Our furry friends may bring joy to our lives, but they can also be major contributors to indoor air pollution. Pets shed fur and dander (dead skin cells) which can accumulate in the air and cause allergies and respiratory issues. If you find yourself constantly sneezing or experiencing allergy symptoms, like itchy eyes or a runny nose, pet dander may be the culprit.

Additionally, animal droppings from pests like rodents, cockroaches, and other insects can also contribute to indoor air pollution. These are known as biological pollutants and, according to the EPA, can still contribute to indoor air quality. Proper pest control measures should be taken to reduce the impact of these allergens on your home’s air quality.

To reduce the impact of pet dander and allergens, it’s important to regularly groom your pets and vacuum your floors and furniture. Be wary of animal dander even if you don’t have pets, as it can be carried in on clothing and shoes from other homes or public spaces. Having an HVAC system with an air purifier with a HEPA filter can also help remove any particles from the air.

Fuel-Burning Appliances

Gas stoves, fireplaces, and other fuel-burning appliances can release harmful pollutants into the air inside your home. Carbon monoxide is a common byproduct of these appliances and can cause serious health issues, from confusion, dizziness, and even death, when inhaled. While a functioning carbon monoxide detector can greatly reduce the risk of CO poisoning, it’s important to have your fuel-burning appliances regularly inspected and properly ventilated to ensure proper functioning and reduce your risk.

It isn’t just gas fireplaces and cooktops that are an issue, however. Poorly fitted gas furnaces, boilers, and even unvented kerosene or gas space heaters can also release harmful pollutants into the air. Any worn furnaces or boilers should be replaced or repaired as soon as possible to prevent further issues.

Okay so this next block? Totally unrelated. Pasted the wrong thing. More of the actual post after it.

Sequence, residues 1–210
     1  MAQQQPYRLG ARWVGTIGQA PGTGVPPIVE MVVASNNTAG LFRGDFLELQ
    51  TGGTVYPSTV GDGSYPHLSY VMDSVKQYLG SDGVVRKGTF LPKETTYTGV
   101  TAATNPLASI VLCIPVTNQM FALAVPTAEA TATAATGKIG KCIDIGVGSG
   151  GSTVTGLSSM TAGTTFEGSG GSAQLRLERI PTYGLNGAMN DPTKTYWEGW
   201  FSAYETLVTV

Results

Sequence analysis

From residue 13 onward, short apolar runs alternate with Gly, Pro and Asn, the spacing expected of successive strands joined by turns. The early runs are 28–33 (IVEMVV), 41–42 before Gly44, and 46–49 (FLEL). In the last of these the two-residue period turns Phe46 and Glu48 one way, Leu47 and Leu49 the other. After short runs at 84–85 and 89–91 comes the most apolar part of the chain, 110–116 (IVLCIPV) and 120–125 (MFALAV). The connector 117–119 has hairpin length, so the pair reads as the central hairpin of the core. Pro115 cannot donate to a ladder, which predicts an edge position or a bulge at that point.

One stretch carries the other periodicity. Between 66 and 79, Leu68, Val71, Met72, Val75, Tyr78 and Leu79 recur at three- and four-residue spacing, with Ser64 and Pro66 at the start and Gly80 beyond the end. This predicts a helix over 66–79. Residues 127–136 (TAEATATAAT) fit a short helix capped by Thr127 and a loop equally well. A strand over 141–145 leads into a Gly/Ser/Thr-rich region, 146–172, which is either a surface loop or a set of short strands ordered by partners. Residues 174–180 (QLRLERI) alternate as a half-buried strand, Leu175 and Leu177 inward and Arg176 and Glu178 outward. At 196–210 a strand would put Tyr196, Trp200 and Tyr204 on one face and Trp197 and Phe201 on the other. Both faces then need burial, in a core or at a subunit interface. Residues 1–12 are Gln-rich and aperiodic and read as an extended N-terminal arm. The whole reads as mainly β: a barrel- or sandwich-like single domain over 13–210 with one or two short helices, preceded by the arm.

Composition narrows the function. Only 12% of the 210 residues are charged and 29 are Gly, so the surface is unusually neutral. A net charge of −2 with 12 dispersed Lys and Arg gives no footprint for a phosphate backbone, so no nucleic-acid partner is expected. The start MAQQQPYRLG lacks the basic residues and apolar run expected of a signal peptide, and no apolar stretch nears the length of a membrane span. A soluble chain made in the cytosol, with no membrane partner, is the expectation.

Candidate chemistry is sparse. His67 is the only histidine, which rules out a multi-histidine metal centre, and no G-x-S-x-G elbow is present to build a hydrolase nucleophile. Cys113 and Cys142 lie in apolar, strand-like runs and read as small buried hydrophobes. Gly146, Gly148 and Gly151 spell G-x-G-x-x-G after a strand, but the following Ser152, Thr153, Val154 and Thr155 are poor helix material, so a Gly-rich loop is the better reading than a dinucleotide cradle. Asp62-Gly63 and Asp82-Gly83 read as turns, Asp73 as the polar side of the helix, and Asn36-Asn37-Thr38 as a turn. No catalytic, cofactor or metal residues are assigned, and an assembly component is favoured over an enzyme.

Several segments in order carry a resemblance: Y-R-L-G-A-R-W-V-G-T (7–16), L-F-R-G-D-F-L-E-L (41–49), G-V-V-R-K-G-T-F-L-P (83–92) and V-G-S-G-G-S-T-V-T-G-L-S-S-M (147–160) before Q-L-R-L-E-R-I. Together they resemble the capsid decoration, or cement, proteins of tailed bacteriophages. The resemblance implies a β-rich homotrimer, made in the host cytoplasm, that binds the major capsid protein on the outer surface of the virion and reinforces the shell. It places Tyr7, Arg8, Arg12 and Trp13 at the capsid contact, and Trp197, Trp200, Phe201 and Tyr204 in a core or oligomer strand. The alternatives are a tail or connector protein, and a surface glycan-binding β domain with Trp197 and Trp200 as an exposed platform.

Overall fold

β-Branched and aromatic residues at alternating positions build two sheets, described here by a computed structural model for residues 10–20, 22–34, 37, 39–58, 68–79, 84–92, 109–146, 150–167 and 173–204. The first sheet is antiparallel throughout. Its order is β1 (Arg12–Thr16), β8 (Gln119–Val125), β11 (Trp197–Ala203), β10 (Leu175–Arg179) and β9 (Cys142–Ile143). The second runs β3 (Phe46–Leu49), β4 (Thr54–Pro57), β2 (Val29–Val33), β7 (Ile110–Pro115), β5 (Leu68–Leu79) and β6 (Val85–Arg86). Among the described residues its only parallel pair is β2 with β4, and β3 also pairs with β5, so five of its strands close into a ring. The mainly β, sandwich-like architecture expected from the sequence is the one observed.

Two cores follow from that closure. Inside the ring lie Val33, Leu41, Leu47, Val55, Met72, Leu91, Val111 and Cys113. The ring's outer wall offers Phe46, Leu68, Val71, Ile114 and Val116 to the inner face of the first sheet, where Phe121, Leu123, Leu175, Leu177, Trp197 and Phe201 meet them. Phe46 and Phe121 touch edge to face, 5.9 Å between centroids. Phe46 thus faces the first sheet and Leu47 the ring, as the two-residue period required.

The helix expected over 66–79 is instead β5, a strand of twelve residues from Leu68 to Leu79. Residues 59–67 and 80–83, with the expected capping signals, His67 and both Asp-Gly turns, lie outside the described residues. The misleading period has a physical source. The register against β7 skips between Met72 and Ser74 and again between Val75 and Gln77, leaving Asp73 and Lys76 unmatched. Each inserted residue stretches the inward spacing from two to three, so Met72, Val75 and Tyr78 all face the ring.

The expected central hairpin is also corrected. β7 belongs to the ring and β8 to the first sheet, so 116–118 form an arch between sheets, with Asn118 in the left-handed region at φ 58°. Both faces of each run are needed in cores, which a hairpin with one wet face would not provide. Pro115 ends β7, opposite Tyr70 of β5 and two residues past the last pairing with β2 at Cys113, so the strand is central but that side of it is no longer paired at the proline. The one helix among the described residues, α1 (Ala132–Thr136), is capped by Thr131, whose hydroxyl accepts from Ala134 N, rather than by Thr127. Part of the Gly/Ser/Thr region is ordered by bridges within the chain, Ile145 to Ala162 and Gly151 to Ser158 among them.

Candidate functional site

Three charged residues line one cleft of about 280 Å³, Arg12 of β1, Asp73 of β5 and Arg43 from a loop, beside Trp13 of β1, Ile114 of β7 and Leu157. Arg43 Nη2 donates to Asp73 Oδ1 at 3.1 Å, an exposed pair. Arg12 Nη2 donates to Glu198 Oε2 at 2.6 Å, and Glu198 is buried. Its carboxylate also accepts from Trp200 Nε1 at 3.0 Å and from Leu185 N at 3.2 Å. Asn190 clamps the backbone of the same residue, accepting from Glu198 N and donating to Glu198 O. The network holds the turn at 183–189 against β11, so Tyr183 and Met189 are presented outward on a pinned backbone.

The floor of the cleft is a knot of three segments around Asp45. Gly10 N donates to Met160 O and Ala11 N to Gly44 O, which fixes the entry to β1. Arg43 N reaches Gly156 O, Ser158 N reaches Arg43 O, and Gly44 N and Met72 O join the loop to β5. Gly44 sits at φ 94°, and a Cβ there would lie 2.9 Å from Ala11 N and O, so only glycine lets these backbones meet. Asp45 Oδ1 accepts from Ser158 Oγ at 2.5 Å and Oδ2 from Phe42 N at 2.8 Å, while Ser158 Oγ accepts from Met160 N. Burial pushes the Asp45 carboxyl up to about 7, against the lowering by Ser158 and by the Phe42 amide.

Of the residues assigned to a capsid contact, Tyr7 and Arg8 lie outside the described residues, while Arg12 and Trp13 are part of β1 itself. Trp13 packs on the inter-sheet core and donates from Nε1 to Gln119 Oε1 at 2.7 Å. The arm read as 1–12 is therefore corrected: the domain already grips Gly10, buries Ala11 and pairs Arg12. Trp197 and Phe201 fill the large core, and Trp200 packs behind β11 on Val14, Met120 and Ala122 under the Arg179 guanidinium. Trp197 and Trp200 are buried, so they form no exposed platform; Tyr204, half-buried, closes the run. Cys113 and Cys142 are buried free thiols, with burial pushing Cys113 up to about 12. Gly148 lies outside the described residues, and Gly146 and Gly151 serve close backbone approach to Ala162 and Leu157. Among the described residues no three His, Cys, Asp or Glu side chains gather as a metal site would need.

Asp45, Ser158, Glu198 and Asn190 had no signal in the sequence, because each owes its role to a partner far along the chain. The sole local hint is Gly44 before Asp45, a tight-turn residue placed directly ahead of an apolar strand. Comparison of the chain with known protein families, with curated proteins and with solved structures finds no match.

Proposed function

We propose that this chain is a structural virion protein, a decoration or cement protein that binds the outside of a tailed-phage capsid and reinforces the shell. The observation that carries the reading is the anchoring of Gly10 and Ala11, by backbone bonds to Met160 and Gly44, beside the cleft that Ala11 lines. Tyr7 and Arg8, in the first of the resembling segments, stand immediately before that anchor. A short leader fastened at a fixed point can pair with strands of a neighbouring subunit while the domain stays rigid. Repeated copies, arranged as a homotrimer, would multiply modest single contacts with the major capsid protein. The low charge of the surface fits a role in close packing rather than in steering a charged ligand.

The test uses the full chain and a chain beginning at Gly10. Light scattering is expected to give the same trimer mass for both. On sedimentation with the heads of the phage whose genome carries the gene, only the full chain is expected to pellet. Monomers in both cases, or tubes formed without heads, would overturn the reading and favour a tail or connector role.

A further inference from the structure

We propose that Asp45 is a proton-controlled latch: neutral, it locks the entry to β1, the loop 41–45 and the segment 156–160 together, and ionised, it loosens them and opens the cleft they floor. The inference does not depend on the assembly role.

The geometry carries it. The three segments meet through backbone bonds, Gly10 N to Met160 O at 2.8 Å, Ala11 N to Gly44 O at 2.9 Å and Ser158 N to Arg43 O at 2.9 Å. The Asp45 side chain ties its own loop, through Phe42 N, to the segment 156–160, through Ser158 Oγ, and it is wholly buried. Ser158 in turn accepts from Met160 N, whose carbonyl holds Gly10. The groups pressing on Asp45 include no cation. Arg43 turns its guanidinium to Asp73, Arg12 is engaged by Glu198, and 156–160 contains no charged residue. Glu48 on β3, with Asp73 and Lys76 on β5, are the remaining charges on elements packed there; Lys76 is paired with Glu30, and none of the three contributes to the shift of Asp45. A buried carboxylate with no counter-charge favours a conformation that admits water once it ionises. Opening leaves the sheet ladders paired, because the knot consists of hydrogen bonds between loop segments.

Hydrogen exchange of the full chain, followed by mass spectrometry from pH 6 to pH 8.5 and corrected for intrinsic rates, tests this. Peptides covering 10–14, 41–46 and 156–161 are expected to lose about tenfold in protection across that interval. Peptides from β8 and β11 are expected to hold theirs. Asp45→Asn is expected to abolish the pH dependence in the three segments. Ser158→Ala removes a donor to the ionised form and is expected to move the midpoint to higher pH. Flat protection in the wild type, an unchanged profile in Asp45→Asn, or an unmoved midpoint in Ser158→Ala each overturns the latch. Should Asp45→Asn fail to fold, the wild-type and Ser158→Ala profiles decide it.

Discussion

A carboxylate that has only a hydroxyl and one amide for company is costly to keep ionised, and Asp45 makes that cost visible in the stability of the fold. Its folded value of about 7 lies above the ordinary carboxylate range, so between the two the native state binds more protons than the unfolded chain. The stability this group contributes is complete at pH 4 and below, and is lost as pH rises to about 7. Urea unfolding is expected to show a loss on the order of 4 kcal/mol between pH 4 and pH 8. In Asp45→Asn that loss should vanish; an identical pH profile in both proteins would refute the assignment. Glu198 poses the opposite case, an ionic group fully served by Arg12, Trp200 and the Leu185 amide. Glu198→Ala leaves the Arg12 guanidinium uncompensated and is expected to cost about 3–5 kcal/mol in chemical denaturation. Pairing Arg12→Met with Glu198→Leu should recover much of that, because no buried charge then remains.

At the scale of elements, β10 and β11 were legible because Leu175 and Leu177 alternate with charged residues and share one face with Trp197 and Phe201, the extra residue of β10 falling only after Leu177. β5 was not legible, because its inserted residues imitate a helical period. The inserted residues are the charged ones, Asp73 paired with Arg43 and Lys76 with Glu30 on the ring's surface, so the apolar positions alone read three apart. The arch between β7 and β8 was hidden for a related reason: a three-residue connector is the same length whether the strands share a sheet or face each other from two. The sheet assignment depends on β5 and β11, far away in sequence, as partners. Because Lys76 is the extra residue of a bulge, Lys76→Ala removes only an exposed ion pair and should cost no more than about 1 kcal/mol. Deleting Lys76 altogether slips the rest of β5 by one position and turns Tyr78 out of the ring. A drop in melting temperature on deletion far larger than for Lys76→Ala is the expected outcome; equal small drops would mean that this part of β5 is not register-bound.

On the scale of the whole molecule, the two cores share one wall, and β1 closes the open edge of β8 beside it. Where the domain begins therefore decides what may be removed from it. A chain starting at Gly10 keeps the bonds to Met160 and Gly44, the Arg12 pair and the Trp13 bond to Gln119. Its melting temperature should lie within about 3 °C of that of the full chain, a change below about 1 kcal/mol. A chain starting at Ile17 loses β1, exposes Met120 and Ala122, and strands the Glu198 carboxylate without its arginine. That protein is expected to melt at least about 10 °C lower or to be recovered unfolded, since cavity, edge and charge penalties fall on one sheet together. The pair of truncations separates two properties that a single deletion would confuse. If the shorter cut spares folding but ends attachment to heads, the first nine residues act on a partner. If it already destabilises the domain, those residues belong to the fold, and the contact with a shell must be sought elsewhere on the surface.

Building Materials

Whether you own a newer or older home, the building materials can greatly impact your indoor air quality. Asbestos, for example, was once a commonly used insulation material but is now known to cause serious health issues, including a certain cancer called mesothelioma, when inhaled. Other possibly toxic building materials you might find around your home include:

  • Lead-based paint
  • Upholstery
  • Carpeting
  • Pressed-wood products

Exposure to these materials can cause a variety of health problems from respiratory issues to cancers. If you suspect any of these materials in your home, it’s important to have them properly removed and replaced with non-toxic alternatives. Asbestos, for instance, can now be replaced with fiberglass insulation, and lead-based paint can be safely removed and replaced with non-toxic options. Air quality testing can also help identify any potential sources of indoor air pollutants and guide you in the right direction for remediation.

Protect Your Home and Health

As you can see, there are many contributors to indoor air pollution that we may not even realize. By staying informed and taking steps to reduce the impact of these pollutants, you can help keep your home and family healthy.

At A/C Doctors, we offer state-of-the-art indoor air quality services, including indoor air quality testing, UV light installation, whole-house air purifiers, and more to help improve the air quality in your home. Our team also offers top-tier HVAC services in Gilbert, AZ, including heating and cooling services, plumbing, ductwork, and commercial HVAC services just to name a few! Our goal is to help you breathe easier and enjoy a healthy, comfortable home. Contact us today to learn more about our IAQ services and how we can help improve your indoor air quality for good!